For many of us, it was like seeing an old friend after so many years. This blending of childhood wonder and adult sensibilities was what we needed. It might have been the newest gimmick to get people through the door, but by god was it working. Barcades offered a look back at our childhood from a new perspective. They were time machines that served alcohol. Arcades found their niche in this new world and were once again on top.

Then everything shut down.

The pandemic has changed so many aspects of our life that it’s almost impossible to keep count. In the US, local governments are constantly modifying their plans for what can stay open and what needs to remain closed. For all the turmoil and confusion this has caused, the state of arcades — along with other in-house attractions — has been dire. They are either forced to remain closed or have voluntarily shut down, unable to find a way to safely allow their customers to enjoy themselves. Even those that have found ways to remain open have taken a massive hit. While they struggle, the rest have to wait and hope. It’s all they’ve they can do at the moment. There are many pressing things to worry about right now, and for many, arcades simply aren’t a priority.

This isn’t the first time arcades have fought to be seen, nor will it be the last time. This is the industry that helped shape how we look at modern gaming, and it has deep ties to many of us. We may have taken them for granted when we were younger, but now we’re the adults. We understand what we’ve almost lost, and have the drive to retain this bit of our shared history, and preserve it for the next generation. While technology focuses on the now, there will always be a desire to look back at where we came from. The love that we have for these classic machines and the places that housed them will never die.

I miss arcades. I miss the simpler time they represent when the only worry I had was how many quarters were in my pocket. Though it may be in a different form, or with some even newer gimmick, they will be back. If there’s one thing arcades have experience with, it’s struggling through the hard times. This just so happens to be their most recent fight.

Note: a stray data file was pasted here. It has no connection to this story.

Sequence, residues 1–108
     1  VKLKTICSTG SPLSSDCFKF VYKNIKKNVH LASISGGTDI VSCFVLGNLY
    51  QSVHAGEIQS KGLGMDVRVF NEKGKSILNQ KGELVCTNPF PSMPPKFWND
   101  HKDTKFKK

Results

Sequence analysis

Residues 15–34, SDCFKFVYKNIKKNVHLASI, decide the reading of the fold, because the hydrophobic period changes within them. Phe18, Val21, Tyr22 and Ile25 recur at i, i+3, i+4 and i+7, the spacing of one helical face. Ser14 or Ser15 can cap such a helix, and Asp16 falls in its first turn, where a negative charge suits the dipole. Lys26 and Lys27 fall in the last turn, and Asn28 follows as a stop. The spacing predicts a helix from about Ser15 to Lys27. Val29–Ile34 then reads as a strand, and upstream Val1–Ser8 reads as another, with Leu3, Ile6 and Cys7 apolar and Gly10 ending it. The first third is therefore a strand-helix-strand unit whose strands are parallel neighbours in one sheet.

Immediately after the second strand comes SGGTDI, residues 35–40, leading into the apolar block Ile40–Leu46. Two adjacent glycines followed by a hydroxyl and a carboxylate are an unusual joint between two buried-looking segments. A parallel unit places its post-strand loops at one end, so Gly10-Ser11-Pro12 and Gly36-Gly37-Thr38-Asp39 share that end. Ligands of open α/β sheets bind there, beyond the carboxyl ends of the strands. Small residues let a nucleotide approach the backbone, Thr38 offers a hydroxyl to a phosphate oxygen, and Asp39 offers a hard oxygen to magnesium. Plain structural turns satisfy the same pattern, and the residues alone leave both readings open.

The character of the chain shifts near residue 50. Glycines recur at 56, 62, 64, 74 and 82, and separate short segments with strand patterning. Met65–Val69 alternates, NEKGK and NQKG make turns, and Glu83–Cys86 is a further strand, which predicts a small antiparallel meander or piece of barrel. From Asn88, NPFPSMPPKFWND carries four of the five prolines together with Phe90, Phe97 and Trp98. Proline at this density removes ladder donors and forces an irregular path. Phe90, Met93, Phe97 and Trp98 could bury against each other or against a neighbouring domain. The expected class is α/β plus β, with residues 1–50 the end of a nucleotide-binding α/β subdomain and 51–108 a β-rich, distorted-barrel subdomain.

If there’s a local arcade near you that can’t reopen — and you have the means to do so — consider helping in some way. Many have GoFundMe pages or are selling merch to get through this. Just because they’ve been fighting for so long doesn’t mean they have to do it alone.

If you want to learn more about the history of the American arcade, I recommend checking out Laura June’s article For Amusement Only: the life and death of the American arcade. It is what sent me down this rabbit hole and got me thinking about their current spot in our world.

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Cover image by Jacopo Rosati on Behance.

SUPERJUMP

Celebrating video games and their creators

Peter Cacek

Written by

Writer. Gamer. Adopted Mountain Man. I write about games, mental health, the great outdoors, and the odd piece of fiction. @PeterCacek on Twitter.

SUPERJUMP

SUPERJUMP

Celebrating video games and their creators

Peter Cacek

Written by

Writer. Gamer. Adopted Mountain Man. I write about games, mental health, the great outdoors, and the odd piece of fiction. @PeterCacek on Twitter.

SUPERJUMP

SUPERJUMP

Celebrating video games and their creators